A3032-Review notes of ch10 Exam
A3032-Review notes of ch10 Exam ACCT 3032
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This 22 page Study Guide was uploaded by Doris.Shaw on Saturday September 3, 2016. The Study Guide belongs to ACCT 3032 at University of Cincinnati taught by Professor Bruns in Fall 2016. Since its upload, it has received 50 views. For similar materials see Intermediate_Accounting II in Accounting (ACCT) at University of Cincinnati.
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Date Created: 09/03/16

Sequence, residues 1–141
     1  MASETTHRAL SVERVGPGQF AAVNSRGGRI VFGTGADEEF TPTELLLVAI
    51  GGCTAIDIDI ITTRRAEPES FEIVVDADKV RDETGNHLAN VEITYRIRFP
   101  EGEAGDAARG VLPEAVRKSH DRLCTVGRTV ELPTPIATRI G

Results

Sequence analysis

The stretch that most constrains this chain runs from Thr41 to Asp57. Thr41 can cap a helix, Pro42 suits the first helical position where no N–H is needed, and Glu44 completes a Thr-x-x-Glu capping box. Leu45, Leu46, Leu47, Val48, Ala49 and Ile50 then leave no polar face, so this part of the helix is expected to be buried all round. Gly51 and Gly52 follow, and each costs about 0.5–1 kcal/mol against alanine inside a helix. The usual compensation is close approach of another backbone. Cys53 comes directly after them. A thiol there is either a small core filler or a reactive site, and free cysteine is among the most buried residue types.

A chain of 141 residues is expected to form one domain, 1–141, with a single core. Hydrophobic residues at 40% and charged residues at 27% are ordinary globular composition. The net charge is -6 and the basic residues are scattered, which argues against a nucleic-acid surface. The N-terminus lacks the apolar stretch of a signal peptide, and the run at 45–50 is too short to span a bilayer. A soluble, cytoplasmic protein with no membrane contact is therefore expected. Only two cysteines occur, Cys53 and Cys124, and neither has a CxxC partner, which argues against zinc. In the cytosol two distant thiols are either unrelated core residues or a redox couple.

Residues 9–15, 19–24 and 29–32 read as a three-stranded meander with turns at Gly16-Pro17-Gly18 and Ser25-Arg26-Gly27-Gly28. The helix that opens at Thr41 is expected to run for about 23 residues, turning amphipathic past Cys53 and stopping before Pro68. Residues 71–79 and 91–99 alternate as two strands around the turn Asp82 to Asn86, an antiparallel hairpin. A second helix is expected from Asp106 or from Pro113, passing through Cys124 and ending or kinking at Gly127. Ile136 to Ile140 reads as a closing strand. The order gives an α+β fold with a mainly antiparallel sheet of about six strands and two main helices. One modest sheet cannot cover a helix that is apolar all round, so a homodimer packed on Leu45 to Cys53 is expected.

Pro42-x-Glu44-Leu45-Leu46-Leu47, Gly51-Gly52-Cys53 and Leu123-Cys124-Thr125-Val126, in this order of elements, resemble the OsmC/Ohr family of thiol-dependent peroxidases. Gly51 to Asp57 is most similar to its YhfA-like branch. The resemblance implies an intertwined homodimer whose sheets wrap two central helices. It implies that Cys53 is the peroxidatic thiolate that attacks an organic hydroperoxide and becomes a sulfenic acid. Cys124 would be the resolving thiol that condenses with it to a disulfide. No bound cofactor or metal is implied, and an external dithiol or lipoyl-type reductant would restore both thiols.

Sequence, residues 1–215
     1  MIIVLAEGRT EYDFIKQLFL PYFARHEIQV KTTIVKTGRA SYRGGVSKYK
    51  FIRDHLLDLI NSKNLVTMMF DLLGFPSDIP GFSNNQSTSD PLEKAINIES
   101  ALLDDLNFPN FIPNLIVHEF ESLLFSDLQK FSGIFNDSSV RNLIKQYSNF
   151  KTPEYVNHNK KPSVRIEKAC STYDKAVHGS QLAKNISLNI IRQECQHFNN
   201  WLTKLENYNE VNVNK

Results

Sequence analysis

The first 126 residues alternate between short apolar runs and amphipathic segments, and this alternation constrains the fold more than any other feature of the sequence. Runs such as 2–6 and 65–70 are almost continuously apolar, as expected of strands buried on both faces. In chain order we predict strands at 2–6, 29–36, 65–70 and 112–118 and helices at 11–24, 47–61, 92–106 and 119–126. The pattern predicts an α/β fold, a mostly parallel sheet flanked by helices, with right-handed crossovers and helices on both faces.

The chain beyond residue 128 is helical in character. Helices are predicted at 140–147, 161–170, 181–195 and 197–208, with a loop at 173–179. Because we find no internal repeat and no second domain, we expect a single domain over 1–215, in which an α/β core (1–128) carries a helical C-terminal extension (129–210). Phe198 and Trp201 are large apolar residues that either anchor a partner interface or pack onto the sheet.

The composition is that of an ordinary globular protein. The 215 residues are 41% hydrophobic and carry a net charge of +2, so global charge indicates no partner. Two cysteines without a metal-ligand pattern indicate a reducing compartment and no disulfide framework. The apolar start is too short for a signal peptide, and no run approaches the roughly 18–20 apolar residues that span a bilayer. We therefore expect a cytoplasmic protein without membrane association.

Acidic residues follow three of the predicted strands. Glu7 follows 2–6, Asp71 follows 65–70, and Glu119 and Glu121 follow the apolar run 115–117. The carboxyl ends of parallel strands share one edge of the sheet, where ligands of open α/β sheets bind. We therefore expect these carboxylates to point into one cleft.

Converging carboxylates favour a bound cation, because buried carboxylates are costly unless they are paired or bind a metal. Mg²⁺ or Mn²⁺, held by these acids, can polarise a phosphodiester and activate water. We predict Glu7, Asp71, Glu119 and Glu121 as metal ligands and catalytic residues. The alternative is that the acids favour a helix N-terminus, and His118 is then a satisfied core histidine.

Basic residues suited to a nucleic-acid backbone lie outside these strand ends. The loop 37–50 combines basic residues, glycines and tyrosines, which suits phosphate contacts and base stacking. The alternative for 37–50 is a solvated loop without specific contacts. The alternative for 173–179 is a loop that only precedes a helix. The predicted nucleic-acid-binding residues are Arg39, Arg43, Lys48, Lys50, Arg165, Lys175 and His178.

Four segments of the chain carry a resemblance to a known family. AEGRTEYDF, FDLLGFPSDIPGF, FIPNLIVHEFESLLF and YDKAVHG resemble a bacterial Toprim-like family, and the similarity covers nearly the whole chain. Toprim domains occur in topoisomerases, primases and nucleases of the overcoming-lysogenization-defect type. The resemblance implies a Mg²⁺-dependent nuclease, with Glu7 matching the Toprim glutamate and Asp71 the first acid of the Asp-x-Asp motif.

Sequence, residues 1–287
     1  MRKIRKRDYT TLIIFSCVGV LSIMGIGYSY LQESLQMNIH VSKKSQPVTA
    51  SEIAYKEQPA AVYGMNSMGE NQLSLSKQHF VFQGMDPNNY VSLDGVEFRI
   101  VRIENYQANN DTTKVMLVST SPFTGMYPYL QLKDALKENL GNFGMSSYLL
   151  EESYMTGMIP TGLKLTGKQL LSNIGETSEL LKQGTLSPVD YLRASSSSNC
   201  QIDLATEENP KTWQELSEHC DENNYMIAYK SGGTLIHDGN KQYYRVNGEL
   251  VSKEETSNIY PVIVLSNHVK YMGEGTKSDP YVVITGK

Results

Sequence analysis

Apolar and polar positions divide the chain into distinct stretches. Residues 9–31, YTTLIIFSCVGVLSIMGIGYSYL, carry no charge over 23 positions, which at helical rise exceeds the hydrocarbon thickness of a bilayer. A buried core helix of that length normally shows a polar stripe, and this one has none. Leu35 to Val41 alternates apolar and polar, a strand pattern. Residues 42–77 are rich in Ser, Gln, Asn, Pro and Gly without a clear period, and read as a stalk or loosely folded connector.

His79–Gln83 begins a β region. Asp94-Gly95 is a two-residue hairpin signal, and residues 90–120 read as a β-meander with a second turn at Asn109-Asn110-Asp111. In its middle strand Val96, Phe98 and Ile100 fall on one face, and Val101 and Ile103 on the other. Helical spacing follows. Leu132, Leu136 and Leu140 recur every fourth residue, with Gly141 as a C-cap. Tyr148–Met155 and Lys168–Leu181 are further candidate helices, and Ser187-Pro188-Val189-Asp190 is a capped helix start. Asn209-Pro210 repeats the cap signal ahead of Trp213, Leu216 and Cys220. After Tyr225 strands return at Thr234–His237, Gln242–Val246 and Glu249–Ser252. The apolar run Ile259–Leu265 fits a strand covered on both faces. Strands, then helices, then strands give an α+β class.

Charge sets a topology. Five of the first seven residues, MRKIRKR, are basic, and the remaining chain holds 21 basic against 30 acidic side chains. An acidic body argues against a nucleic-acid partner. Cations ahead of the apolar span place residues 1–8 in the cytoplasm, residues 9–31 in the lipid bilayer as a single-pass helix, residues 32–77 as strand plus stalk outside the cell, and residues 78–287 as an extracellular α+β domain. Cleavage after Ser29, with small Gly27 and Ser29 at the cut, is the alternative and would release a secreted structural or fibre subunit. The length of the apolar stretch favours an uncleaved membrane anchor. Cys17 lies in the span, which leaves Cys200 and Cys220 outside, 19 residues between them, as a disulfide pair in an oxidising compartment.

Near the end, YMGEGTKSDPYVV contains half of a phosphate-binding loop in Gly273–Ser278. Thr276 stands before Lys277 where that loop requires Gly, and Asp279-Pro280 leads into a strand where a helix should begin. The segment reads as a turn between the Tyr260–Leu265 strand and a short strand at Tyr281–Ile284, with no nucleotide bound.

Summary of Chapter 10: Property, Plant and Equipment and Intangible Assets: Acquisition and Disposition Know the following for the chapter 10 exam: ❖ Characteristics and initial valuation of tangible and intangible assets. 1. Property, plant and Equipment = fixed assets Eg: buildings, land, office furniture, manufacturing machinery, fax machines etc. 2. Intangible assets = Assets that lack a physical presences Patents, franchises, servicing rights, trademarks, copyrights, timber or coal reserves, and goodwill. From Ch 10 Outlines— REFER TO ILLUSTRATION 103 FOR A COMPREHENSIVE DESCRIPTION OF THE TYPE OF ASSET, AND ITS TYPICAL ACQUISITION COSTS. Summary of Chapter 10: Property, Plant and Equipment and Intangible Assets: Acquisition and Disposition ★ Unique characteristics 1. Are acquired for use in the business operations, not for resale. It is important to distinguish between investment type fixed assets and regular fixed assets. 2. Are longterm in nature and usually subject to depreciation, amortization or depletion. They are intended to service the business for several years. If they were not, most companies would have a hard time making the monetary commitment. ★ Initial valuation Costs to be Capitalized 1. Fixed assets and intangibles should be valued on the balance sheet at historical cost. Historical cost is measured by the cash or cash equivalent price of obtaining the asset and bringing it to the location and condition necessary for its intended use. Any costs that ready the property for its intended use are capitalized as part of the asset rather than expensed. Eg: sales tax on the purchase, insurance to ship it from the purchase location to your business, shipping charges, installation charges, attorney fees to defend a patent, Improvements or replacements that provide future service potential to the asset, etc. are all capitalized as part of the asset. These costs are lumped into the cost of the asset and are written off as part of the asset through future depreciation, depletion or amortization charges. ★ Journal Entry ❏ When the asset is purchased it is capitalized (recorded) on the balance sheet as follows: ❏ The investment in these assets is then written off over several years through periodic (yearly) depreciation, depletion or amortization charges as follows. ➔ The exception is land. Land is not depreciated. If there is a substantial loss in value land can be depreciated. However, this is a rare occurrence. Summary of Chapter 10: Property, Plant and Equipment and Intangible Assets: Acquisition and Disposition ❖ How to calculate the initial historical cost of the asset including which includes all costs necessary to get the asset ready for its intended purpose. 1. Cost of Land All costs associated with the purchase of land and getting it ready for its intended use are to be added together and capitalized as part of the land account. Including purchase price, closing costs such as title, attorneys fees and recording fees, grading, filling, draining and clearing, assumptions of any liens such as back property taxes and any land improvements that have an indefinite life. If land is purchased with an old building on it the cost of demolition of the building is part of the cost of the land account, not the building because it is a cost in getting the land ready for its intended use. 2. Cost of Buildings Including the purchase price, materials, labor and overhead costs of construction, professional fees and building permits. 3. Cost of Equipment Including sales tax, delivery charges and installation. 4. Purchased Intangibles All purchased intangibles are capitalized (recorded on the balance sheet) at historical cost. When several intangibles or a combination of intangibles and tangibles are brought in a “basket purchase” the cost should be allocated on the basis of fair market values or on the basis of relative fair market values as follows. This allocation must be computed when the purchase price is less than the combined fair market value of all the assets included in the basket purchase. 5. Patents Two types:Product patents cover actual physical products whether created internally or purchased. Process patents cover processes. Process patents can be purchased or the process itself could be internally created. The legal right of exclusive use extends for 20 years. Costs associated with securing or defending a successful patent such as legal fees and patent registration fees are capitalized (recorded on the balance sheet) and amortized. Summary of Chapter 10: Property, Plant and Equipment and Intangible Assets: Acquisition and Disposition Research and development associated with a patent that is internally developed (selfcreated rather than by purchase) is expensed as incurred. 6. Copyrights A copyright is federally granted to the creator of such artistic works for the life of the creator plus 70 years. A copyright gives the owner or heirs the exclusive right to use or reproduce the asset only until it expires since it is nonrenewable. For these reasons a copyright is generally assumed to have a definite life and is therefore amortized. 7. Trademarks Whether it is registered or not the right to use the trademark or trade name rests exclusively with the original user as long as they continue to use it. Registration affords the user an indefinite number of tenyear renewals. It is proper accounting to treat trademarks and trade names as indefinite life intangible assets because whether it is registered or not it has an indefinite life. Therefore assume trademarks and trade names are indefinite life intangibles unless otherwise stated in the problem. If a trademark or trade name is acquired, the purchase price is capitalized (put on the balance sheet). 8. Franchises The enterprise securing a franchise, license or right carries an intangible asset entitled Franchise or License on their books ONLY if there are up front costs such as a lump sum payment in advance or legal fees and other expenditures that are identifiable with the acquisition of the operating right. The cost of a franchise or license with a limited life should be amortized over the life of the asset. The cost of a franchise or license with an indefinite life or a perpetual franchise should carried on the balance sheet at historical cost and NOT amortized. Annual payments made under the franchise agreement are written off to the period incurred as an operating expense because they do not relate to future periods – only to the period in which incurred (similar to rent expense). 9. Goodwill Goodwill is often one of the most difficult intangible assets to account for. Goodwill can only be identified with the business as a whole and be recorded as an asset on the balance sheet (capitalized) only in a business combination (i.e. when an entire business is purchased). Goodwill is valuable only in the sense that the entity is a “going concern” valuation. Internally created goodwill may NOT be capitalized in the accounts. Summary of Chapter 10: Property, Plant and Equipment and Intangible Assets: Acquisition and Disposition The cost of goodwill is measured as the difference between the purchase price of a group of assets or enterprise acquired less the sum of the fair market value (FMV) of individual tangible and identifiable intangible assets acquired minus any liabilities assumed. This method of valuation is a residual method. Goodwill only occurs if the purchase price is greater than the sum of the fair market value of all individual assets (tangible and identifiable intangible) combined. Remember, the recording of goodwill can only happen when an entire business is purchased. Therefore, when several intangibles or a combination of intangibles and tangibles are brought in a “basket purchase” and no goodwill exists, the cost should be allocated on the basis of fair market values. The following is the examples. Summary of Chapter 10: Property, Plant and Equipment and Intangible Assets: Acquisition and Disposition ❖ Allocation of the purchase price of a lump sum purchase of assets where the total fair market value of all identifiable tangible and intangible assets is lower OR higher than the purchase price. ★ Lump Sum Purchase of Assets In the purchase of assets in a lump sum transaction the purchase price is allocated on the basis of relative fair market values. 1. Disposition In a normal sale transaction the buyer and seller exchange cash (selling price) for an asset and a gain or loss is recognized on the disposition. ★ The gain or loss is calculated as follows: ★ Journal Entry: Summary of Chapter 10: Property, Plant and Equipment and Intangible Assets: Acquisition and Disposition ❖ Exchanges of nonmonetary assets with commercial substance. Know how to calculate the gain or loss, whether it should be recognized, how to calculate the basis of the asset acquired and how to record the journal entry to remove the old asset and capitalize the new asset. The most common example of an exchange of nonmonetary transactions is a "trade in". It can be assumed that the fair market value of the asset being received is equal to the fair market value of the asset being given up plus whatever the holder of the new asset is willing to receive in cash. 1. Commercial Substance One of two ways should be used to determine if the transaction has commercial substance as follows: 1.) Determine if the risk, timing and amount of future cash flows change as a result of the transaction OR 2.) Determine if with the exchange versus without the exchange cash flows are affected. Keep in mind that materiality is always a factor. ★ Summary of Chapter 10: Property, Plant and Equipment and Intangible Assets: Acquisition and Disposition ❖ Exchanges of nonmonetary assets that lack commercial substance. Know how to calculate the gain or loss, whether it should be recognized, how to calculate the basis of the asset acquired and how to record the journal entry to remove the old asset and capitalize the new asset. 1. Exchanges that lack Commercial Substance However to preclude a company from engaging in this type of transaction, only to recognize the increase in the fair market value of an asset as a gain, a special category or exchanges exists exchanges that lack commercial substance. Exchanges that lack commercial substance (i.e. do not change the financial position of the parties involved) should be exchanged at book value and no gain should be recorded. A LOSS ON AN EXCHANGE OF NONMONETARY ASSETS SHOULD BE RECOGNIZED WHETHER THE EXCHANGE HAS COMMERCIAL SUBSTANCE OR NOT! This is because any time a revenue producing asset loses value to the point where it is stated at more than it's cash equivalent price then assets would be overstated. 2. Cash Received but Lacks Commercial Substance If a transaction lacks commercial substance and cash is received (rather than paid) to equalize the fair market value of the assets exchanged then GAAP considers this a partial sale and some of the gain will be permitted to be recognized. Recall revenue recognition "received or receivable". alculating the gain to be received: The portion of the "old" asset presumed sold: ❖ You should always be able to determine the impact of a journal entry on the various financial statements and their components. For example, the impact on net income, retained earnings, assets, liabilities so on and so forth.(see the examples)